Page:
Dengue Outbreak: 2023 already the deadliest year
With 10 new deaths recorded yesterday, the total number of dengue fatalities this year has risen to 283 – making this the deadliest dengue year since the first outbreak in the year 2000.
Earlier, the highest number of deaths recorded was 281 in 2022.
Of the 283 dead this year, 157 are males and 126 females, while the age group with most deaths was 21-25 years old.
Experts and doctors attributed this year's unusually high death toll to delayed hospitalisation, reinfections, and the presence of Den-2 and Den-3 out of all four dengue strains.
HM Nazmul Ahsan, associate professor at Shaheed Suhrawardy Medical College Hospital, stressed that patients need to be immediately hospitalised if they experience severe stomach aches, breathing difficulties, severe weakness, bleeding from gums or nose, and vomiting.
"If a patient is not hospitalised within 24 hours [of these symptoms surfacing], they may go into dengue shock syndrome."
There are two types of dengue shocks -- compensated shocks and decompensated shocks, he said, adding that if a patient is hospitalised immediately after their compensated shock, they won't reach decompensated shock – during which chances of recovery is only 50 percent.
Meanwhile, the number of dengue cases outside the capital has been increasing fast. However, Dhaka still holds the highest number of dengue deaths this year – 226 out 283.
According to the Directorate General of Health Services, apart from the 10 new deaths recorded yesterday, nine of which were in Dhaka, 2,589 people were hospitalised across the country in the 24 hours till yesterday morning.
Of them, 1,444 were outside the capital.
Of the total 59,716 dengue cases logged this year, 27,154 were outside Dhaka.
Of the districts outside the capital, the highest number of dengue cases recorded so far – 2,252 – was in Chattogram, while Chandpur and Barishal had 1,051 and 916 respectively.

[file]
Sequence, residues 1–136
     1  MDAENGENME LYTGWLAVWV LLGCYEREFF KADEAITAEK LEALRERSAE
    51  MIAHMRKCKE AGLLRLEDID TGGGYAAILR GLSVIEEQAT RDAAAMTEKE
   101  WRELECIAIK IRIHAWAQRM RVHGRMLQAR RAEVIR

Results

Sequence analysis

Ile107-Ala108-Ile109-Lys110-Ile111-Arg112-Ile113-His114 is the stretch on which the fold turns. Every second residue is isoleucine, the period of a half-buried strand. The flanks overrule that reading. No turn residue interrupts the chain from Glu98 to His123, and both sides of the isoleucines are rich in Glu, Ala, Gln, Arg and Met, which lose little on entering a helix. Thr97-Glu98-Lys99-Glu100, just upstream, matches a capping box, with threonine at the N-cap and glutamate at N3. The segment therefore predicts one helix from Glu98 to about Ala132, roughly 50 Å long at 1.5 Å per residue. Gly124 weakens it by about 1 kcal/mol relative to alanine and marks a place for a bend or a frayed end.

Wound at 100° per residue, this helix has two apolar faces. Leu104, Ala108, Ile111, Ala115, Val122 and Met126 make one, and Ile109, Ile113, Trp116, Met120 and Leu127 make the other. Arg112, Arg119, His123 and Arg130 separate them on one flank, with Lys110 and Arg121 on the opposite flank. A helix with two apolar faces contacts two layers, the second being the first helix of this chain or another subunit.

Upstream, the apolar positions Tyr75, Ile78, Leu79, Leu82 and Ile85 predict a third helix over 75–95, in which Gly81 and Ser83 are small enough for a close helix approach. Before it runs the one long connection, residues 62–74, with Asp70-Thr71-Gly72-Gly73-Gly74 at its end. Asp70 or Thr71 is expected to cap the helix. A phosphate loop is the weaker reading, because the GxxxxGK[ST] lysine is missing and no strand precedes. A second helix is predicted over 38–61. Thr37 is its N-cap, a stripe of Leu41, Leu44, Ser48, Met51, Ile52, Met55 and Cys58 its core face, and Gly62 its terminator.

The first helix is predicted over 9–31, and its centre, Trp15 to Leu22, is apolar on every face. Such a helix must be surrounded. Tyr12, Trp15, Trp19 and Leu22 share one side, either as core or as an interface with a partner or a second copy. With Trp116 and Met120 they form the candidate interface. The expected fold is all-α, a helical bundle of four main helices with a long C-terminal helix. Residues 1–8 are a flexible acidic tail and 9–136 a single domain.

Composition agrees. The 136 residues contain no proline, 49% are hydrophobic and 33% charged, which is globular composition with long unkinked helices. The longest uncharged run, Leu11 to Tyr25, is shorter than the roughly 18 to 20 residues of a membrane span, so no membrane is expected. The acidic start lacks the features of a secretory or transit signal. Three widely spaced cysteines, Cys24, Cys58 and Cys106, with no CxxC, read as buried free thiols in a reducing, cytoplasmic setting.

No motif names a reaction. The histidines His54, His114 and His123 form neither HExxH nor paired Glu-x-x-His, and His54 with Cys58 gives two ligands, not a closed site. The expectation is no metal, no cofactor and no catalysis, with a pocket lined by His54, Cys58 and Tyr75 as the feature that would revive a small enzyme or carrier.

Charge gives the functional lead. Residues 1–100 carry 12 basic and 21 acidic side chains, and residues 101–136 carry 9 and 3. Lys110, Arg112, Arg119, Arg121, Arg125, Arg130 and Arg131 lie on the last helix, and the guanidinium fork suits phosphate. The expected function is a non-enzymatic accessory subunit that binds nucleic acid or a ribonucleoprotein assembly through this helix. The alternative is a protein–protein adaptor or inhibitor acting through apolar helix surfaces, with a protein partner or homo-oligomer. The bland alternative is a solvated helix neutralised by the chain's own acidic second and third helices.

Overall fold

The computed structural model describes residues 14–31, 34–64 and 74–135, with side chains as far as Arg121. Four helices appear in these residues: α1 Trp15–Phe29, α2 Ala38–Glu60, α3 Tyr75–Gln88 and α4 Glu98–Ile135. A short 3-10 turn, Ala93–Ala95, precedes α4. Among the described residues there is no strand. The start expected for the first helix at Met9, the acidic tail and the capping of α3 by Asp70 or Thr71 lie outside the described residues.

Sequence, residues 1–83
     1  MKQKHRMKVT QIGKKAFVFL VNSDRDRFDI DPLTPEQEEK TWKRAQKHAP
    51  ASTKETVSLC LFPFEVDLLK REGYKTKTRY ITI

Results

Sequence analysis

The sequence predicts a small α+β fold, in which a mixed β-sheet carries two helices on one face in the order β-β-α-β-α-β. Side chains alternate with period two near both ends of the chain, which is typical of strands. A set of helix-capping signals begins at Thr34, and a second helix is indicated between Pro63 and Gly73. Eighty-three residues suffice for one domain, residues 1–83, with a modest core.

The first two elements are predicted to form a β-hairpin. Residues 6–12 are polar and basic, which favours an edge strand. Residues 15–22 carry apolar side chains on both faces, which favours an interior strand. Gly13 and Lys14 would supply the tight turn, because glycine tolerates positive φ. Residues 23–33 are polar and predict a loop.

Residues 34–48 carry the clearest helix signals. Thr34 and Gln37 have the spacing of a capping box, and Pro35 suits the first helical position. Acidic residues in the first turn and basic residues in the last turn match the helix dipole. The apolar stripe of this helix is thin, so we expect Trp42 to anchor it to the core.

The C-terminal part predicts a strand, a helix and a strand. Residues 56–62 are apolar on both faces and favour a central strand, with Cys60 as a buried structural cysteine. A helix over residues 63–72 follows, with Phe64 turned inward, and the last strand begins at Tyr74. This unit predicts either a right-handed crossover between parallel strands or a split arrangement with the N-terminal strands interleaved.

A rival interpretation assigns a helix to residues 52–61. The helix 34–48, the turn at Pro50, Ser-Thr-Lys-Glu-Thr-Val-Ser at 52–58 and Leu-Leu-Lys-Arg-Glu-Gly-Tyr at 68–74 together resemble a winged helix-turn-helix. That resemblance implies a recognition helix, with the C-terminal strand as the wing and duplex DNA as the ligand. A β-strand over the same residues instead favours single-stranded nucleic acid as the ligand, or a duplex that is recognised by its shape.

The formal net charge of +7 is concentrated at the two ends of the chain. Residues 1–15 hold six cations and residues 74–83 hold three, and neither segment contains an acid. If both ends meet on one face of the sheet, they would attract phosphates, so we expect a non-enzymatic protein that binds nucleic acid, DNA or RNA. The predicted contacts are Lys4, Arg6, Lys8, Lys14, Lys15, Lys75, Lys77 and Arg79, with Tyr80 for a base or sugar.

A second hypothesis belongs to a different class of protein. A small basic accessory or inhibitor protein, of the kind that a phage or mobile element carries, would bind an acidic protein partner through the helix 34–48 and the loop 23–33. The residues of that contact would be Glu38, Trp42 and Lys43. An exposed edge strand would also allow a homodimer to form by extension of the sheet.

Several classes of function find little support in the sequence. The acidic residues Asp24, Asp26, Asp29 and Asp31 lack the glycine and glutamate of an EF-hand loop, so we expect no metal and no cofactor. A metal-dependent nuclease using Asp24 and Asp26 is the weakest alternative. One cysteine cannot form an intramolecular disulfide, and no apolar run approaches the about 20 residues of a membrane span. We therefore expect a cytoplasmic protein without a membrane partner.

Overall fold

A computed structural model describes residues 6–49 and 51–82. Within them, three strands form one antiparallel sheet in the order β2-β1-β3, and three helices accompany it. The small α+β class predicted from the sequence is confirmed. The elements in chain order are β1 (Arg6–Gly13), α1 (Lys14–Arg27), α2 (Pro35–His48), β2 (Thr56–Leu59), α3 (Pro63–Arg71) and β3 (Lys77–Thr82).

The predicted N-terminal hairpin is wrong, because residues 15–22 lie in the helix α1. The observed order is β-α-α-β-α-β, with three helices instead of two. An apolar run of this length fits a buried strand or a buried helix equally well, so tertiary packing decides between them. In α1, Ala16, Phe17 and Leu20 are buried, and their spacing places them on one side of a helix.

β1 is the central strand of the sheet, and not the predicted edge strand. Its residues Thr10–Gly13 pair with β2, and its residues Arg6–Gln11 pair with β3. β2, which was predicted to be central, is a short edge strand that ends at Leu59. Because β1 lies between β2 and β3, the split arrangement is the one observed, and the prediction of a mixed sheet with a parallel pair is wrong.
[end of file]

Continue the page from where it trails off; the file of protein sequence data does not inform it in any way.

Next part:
Entomologist Manzur A Chowdhury said the infection rate outside Dhaka usually increases when those infected in Dhaka migrate out of the capital.
"Earlier, the epicenter [of the viral disease] would be Dhaka and would go outside if patients would travel out of the capital. But this year, the number of patients seemed to have simultaneously increased in Dhaka and outside, due to the intense breeding of the Aedes mosquito."
More so, many people carrying the virus travelled outside the capital during Eid-Ul-Azha, which also may have contributed to the spread, he added.
Manzur further said it is now necessary to break the transmission chain, and one of the main methods is to use mosquito nets while sleeping, wearing clothes that protect exposed body parts, spraying repellants and ensuring clean water, especially if stagnant, every week to avoid getting bitten and destroy all possible Aedes breeding sources.
Using foggers and killing adult Aedes is of utmost priority while using larvicide and reducing breeding sources are equally important, he said.
GM Saifur Rahman, another entomologist, said there is a lack of necessary equipment to conduct proper anti-mosquito drives. So, the government will have to give necessary attention in this regard.
"It would be much easier to control the spread of the disease and breeding of the mosquitoes if a vector management authority, who would be able to provide proper guidelines, was set up.
"The LGRD ministry should send at least some written guidelines, however brief, to the district level authorities, regarding the elimination of Aedes breeding sources and personal protection."